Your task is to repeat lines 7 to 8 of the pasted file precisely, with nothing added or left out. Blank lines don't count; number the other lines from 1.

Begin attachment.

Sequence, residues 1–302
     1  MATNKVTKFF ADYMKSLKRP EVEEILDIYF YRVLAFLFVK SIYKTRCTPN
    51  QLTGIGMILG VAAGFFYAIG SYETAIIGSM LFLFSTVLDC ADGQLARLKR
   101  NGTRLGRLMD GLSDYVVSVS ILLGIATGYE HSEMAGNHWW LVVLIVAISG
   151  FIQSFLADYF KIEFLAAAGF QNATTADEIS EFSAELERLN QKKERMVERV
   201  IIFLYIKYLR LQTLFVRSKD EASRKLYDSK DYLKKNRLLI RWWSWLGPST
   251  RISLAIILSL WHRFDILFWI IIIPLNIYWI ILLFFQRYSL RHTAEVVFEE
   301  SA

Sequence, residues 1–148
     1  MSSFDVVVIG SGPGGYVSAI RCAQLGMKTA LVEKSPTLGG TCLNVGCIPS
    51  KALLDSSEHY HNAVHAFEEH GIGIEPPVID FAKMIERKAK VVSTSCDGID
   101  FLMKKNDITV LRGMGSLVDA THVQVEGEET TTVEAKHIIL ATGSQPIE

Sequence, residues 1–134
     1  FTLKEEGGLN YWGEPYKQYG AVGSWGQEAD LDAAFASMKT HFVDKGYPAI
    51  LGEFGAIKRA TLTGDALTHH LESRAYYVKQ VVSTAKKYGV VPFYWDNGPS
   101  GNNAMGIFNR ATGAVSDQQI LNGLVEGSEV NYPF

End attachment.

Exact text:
   251  RISLAIILSL WHRFDILFWI IIIPLNIYWI ILLFFQRYSL RHTAEVVFEE
   301  SA